The International Criminal Court on Thursday assured the Philippines it would work with “full independence” in conducting a preliminary examination on the crimes allegedly committed by the Duterte administration in its war on drugs.
“Following a careful, independent and impartial review of a number of communications and reports documenting alleged crimes potentially falling within the jurisdiction of the International Criminal Court (“ICC” or “the Court”), I have decided to open a preliminary examination into each situation,” ICC prosecutor Fatuous Bensouda said in a statement.
Bensouda said the “preliminary examination of the situation in the Philippines will analyze crimes allegedly committed in this State Party since at least 1 July 2016, in the context of the “war on drugs” campaign launched by the Government of the Philippines.”
“Specifically, it has been alleged that since 1 July 2016, thousands of persons have been killed for reasons related to their alleged involvement in illegal drug use or dealing,” she said.
“While some of such killings have reportedly occurred in the context of clashes between or within gangs, it is alleged that many of the reported incidents involved extra-judicial killings in the course of police anti-drug operations,” she added.
Under the Rome Statute, Bensouda said the “national jurisdictions have the primary responsibility to investigate and prosecute those responsible for international crimes.”
“I emphasize that a preliminary examination is not an investigation but a process of examining the information available in order to reach a fully informed determination on whether there is a reasonable basis to proceed with an investigation pursuant to the criteria established by the Rome Statute. Specifically, under article 53(1) of the Rome Statute, I, as Prosecutor, must consider issues of jurisdiction, admissibility and the interests of justice in making this determination,” she said.
In conformity with the complementarity principle, which is a cornerstone of the Rome Statute legal system, and within the framework of each preliminary examination, Bensouda said her “Office will be engaging with the national authorities concerned with a view to discussing and assessing any relevant investigation and prosecution at the national level.”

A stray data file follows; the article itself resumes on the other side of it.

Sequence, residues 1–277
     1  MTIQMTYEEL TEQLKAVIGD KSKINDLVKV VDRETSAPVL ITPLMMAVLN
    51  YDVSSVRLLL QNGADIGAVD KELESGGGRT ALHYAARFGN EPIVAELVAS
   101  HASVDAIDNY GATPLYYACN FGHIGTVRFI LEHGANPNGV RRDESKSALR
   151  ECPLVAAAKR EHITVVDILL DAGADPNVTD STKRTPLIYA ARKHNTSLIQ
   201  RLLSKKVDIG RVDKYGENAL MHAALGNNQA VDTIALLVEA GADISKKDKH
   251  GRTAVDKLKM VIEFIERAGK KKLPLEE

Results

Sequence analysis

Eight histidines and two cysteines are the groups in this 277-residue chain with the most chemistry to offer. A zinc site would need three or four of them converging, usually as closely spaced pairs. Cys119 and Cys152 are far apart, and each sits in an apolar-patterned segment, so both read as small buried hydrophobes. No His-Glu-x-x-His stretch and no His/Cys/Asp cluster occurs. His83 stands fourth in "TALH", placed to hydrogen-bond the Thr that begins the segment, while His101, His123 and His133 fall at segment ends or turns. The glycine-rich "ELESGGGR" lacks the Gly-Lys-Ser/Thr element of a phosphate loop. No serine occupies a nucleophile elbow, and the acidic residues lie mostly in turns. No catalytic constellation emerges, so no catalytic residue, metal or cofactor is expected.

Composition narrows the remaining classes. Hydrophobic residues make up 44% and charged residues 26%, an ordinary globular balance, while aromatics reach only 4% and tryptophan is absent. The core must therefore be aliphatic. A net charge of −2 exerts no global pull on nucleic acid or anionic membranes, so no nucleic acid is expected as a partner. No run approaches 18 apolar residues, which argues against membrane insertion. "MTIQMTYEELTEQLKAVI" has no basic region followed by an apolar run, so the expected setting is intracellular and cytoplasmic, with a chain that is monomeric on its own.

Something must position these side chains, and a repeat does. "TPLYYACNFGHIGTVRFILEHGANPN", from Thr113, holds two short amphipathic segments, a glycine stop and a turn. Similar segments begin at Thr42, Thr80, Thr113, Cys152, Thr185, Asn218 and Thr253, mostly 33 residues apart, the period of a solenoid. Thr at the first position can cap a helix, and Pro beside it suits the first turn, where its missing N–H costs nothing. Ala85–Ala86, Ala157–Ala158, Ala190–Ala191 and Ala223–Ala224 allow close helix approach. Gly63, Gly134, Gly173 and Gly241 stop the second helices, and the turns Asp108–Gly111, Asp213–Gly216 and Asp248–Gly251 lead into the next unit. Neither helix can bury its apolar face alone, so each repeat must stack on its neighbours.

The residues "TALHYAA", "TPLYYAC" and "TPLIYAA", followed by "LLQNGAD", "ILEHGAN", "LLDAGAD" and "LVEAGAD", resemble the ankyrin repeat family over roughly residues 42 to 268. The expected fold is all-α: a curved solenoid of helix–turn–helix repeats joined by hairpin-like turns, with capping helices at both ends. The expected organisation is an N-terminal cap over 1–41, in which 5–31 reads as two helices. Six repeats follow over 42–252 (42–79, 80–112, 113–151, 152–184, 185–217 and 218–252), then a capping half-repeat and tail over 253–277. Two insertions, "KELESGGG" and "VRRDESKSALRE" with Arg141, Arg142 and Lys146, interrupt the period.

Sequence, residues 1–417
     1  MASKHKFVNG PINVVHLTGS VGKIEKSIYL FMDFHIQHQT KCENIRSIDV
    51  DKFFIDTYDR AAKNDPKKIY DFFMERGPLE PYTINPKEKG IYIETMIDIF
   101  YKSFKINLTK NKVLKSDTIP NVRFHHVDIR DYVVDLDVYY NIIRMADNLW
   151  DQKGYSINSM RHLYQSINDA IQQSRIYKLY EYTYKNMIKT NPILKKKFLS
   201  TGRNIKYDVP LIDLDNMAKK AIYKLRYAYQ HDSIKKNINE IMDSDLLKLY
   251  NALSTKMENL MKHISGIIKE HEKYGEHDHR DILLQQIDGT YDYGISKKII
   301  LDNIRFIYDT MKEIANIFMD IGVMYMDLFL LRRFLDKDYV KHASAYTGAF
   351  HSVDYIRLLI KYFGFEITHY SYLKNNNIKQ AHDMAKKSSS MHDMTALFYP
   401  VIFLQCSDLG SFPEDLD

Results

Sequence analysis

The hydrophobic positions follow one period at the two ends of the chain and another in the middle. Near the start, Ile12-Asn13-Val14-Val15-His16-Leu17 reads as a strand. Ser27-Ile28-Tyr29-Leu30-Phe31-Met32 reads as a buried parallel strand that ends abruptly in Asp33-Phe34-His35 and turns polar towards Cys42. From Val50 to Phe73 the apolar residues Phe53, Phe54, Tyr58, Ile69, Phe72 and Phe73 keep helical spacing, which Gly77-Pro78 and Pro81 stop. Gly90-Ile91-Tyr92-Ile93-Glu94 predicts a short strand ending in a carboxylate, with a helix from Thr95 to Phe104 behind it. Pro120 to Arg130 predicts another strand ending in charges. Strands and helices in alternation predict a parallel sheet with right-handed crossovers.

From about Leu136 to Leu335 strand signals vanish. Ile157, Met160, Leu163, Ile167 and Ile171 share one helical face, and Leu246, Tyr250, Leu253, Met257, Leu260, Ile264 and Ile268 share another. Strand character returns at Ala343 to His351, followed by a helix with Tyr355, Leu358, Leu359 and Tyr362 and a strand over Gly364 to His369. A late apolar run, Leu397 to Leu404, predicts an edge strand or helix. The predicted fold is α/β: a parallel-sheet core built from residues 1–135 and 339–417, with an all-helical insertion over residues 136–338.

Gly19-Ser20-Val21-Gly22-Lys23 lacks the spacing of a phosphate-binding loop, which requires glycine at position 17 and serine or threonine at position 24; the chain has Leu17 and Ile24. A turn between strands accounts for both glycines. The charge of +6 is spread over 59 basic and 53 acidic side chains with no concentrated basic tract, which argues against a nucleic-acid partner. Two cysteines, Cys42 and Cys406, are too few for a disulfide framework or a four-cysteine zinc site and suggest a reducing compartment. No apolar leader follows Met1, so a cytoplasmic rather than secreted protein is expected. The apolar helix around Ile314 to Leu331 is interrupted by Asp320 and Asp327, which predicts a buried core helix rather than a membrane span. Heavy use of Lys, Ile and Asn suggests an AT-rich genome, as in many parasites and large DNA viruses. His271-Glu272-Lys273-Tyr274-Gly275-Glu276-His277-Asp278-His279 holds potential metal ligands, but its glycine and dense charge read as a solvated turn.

“In the independent and impartial exercise of its mandate, my Office will also give consideration to all submissions and views conveyed to it during the course of each preliminary examination, strictly guided by the requirements of the Rome Statute,” she said.
She said there are no statutory timelines on the length of a preliminary examination.
“Depending on the facts and circumstances of each situation, I will decide whether to initiate an investigation, subject to judicial review as appropriate; continue to collect information to establish a sufficient factual and legal basis to render a determination; or decline to initiate an investigation if there is no reasonable basis to proceed,” she said.
Bensouda said he would do the preliminary examination with “impartiality.”
“I reiterate that my Office undertakes this work with full independence and impartiality in accordance with its mandate and the applicable legal instruments of the Court,” she said.
“As we do, we hope to count on the full engagement of the relevant national authorities in the Philippines and Venezuela,” she added.
The ICC, she said, “would have jurisdiction over genocide, crimes against humanity and war crimes if committed on the respective territories of the Philippines and Venezuela or by their respective nationals since the date when the Statute entered into force in each State, namely since 1 November 2011 in the case of Philippines, and since 1 July 2002, in Venezuela.”
The Office of the Prosecutor of the ICC conducts independent and impartial preliminary examinations, investigations and prosecutions of the crime of genocide, crimes against humanity and war crimes.
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